When Masters of Wine and MW candidates convene in a wine region, you expect them to taste some of the world’s most elite wines. But they also spend time tasting and discussing the merits of mass-produced “supermarket” wines as well.
That was the case in late January when the Institute of Masters of Wine, based in London, held their annual North American educational seminar in Yountville.
While primarily for the benefit of the candidates who seek to become Masters of Wine, the seminar also brought together 27 MWs from North America and 4 from overseas. The current MWs not only led most of the training sessions for the students, but they also expanded their own knowledge by participating in workshops and presentations in which they learned new information about all aspects of the wine trade.
While many people are familiar with the Master Sommelier (MS) certification, fewer understand the MW designation. While the two are similar in many respects, there are notable differences. The MW program is focused solely on wine; the MS curriculum encompasses all types of alcoholic and non-alcoholic beverages. The Master Sommelier exam also tests the candidates’ skills and knowledge in a variety of service settings, which the Master of Wine program does not address. In general, the MS has a broader knowledge about beverages, service and restaurant management, while the MW has a deeper knowledge of wine from the vineyard to the bottle to the retail shelf, as well as the social and political implications of drinking it.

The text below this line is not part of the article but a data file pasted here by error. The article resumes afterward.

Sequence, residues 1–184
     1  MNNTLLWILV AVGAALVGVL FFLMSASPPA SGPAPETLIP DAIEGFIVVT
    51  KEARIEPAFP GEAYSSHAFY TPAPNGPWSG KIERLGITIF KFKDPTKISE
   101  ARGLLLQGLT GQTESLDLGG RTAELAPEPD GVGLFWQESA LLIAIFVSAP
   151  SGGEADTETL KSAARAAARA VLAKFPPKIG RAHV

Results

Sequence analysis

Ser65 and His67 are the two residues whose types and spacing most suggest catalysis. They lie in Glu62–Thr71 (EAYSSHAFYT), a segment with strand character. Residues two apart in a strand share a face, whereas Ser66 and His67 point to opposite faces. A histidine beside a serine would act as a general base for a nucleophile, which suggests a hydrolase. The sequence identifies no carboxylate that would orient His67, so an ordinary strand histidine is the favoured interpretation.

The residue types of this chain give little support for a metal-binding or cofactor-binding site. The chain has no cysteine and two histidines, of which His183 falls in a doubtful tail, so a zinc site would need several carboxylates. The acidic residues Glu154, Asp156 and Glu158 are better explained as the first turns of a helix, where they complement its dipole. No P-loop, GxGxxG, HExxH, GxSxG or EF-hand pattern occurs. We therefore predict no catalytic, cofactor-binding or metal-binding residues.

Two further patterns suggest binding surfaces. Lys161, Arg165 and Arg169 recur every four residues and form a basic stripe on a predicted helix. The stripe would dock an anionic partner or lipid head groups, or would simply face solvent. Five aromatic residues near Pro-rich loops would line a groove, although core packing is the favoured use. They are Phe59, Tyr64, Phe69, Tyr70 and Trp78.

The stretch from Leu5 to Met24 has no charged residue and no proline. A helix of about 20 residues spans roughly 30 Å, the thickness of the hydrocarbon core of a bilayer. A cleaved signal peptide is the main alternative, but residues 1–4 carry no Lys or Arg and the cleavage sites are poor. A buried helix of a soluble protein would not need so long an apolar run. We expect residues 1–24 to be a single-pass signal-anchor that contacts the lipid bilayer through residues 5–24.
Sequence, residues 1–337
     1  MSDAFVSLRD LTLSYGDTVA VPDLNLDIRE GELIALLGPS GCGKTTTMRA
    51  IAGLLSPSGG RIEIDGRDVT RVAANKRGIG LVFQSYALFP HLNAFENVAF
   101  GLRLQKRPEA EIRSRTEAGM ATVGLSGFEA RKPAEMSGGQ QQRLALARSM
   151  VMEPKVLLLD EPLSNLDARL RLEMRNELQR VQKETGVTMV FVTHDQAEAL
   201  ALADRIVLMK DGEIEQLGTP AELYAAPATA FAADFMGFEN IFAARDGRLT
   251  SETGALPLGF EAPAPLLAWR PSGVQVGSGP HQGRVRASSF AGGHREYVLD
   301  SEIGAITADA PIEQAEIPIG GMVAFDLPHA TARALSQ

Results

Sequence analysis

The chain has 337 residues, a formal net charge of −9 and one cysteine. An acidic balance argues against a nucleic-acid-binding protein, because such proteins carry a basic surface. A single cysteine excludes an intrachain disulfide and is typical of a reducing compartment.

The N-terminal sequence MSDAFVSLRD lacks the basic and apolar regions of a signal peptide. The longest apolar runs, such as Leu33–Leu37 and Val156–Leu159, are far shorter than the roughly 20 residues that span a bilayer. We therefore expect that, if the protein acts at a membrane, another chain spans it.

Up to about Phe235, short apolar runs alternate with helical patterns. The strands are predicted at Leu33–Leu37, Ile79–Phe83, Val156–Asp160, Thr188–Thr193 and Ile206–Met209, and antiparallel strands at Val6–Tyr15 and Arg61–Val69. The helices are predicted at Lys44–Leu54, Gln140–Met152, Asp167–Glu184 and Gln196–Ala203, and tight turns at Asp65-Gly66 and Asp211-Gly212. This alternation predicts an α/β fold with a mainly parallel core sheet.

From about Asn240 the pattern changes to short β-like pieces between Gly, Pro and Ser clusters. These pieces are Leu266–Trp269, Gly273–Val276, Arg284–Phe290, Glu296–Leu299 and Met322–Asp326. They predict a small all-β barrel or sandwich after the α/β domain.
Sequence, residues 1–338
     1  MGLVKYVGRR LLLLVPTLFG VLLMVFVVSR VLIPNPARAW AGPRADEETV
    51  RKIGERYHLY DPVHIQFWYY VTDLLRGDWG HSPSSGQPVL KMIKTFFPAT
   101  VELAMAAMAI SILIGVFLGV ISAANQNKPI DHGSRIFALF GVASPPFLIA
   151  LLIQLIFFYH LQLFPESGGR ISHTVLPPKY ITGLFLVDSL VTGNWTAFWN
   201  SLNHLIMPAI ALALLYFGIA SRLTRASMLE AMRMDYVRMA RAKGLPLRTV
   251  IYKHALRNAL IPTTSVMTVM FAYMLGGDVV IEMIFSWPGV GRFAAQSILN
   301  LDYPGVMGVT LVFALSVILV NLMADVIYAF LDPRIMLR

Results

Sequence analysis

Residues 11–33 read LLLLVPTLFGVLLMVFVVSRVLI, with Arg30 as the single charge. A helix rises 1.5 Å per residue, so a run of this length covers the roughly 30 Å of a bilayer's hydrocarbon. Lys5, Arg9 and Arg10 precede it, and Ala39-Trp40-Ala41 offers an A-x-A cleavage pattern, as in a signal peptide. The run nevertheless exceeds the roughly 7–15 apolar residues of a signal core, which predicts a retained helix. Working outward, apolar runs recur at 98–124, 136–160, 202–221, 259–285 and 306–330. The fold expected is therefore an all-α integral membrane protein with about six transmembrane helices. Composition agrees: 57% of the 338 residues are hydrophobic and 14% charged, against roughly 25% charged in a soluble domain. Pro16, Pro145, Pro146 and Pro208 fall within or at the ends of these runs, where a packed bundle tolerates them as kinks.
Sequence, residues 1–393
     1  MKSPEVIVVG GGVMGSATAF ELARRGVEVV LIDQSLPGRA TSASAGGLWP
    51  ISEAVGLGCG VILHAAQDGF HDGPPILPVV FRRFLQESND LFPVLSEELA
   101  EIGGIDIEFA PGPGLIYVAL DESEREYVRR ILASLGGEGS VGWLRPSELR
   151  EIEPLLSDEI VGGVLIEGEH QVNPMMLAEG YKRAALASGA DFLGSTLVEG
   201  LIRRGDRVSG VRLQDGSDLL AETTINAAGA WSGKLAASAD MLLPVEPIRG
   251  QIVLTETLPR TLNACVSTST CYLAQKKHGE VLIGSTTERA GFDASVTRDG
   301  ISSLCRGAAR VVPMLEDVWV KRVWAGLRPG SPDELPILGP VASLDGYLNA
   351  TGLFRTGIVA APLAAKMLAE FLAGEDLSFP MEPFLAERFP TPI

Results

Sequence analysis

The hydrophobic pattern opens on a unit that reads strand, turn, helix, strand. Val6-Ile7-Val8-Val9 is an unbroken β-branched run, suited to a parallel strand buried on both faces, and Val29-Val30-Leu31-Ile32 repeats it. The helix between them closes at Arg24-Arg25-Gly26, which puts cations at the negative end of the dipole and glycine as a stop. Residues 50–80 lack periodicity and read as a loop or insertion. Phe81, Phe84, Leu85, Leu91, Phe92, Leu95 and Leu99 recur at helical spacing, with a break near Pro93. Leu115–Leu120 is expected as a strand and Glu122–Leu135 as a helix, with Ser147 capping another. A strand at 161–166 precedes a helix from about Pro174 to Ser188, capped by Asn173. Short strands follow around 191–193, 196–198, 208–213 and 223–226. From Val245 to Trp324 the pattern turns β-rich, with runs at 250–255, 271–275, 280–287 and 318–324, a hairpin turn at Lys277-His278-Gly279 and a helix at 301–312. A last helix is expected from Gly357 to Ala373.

According to Executive Director Siobhan Turner, the Institute was founded in 1955 in London, which for centuries has been the center of the world wine trade. In speaking of the Institute, Turner says “Its mission is to promote excellence through its members and its activities in the global world of wine.”
Creating more Masters of Wine is clearly also one of the Institute’s goals, although that’s easier said than done.
According to Turner, approximately 100 candidates are accepted into the program each year, and it takes a minimum of 3 years to complete all the phases. Within this staggered format, there are 320 worldwide students going through the stages, 83 of whom were in Yountville in January. Candidates enter the program from all corners of the world.
The fees for the three-year program, exclusive of travel and buying the wine can be about $10,000 in North America, and even higher in the U.K.. That’s a big dollar- and time-commitment for a student who, according to Turner, is typically in their 30s and is also usually has a full-time job somewhere in the wine industry.
Most challenging of all? Turner estimates that only 10-15 candidates from each class will go on to complete the MW certification within 3 years. While a few others may take longer to pass the exams and go on to the dissertation phase, most never make it that far. The material is that difficult to master. As Turner puts it, “To become a Master of Wine, you almost need to be a master of wine.”
Tim Marson is a buyer at Global Wine Company, a British citizen, and a resident of Napa. Marson started the MW program in 2001, sat for exam in 2003, passed Tasting that same year, passed Theory in 2004, and then finally successfully completed his dissertation in 2009 to become a Master of Wine. Marson and his team at Global Wine select the wines that are offered by prominent wine clubs, including Williams-Sonoma, The New York Times, Food and Wine magazine, and Napa Style.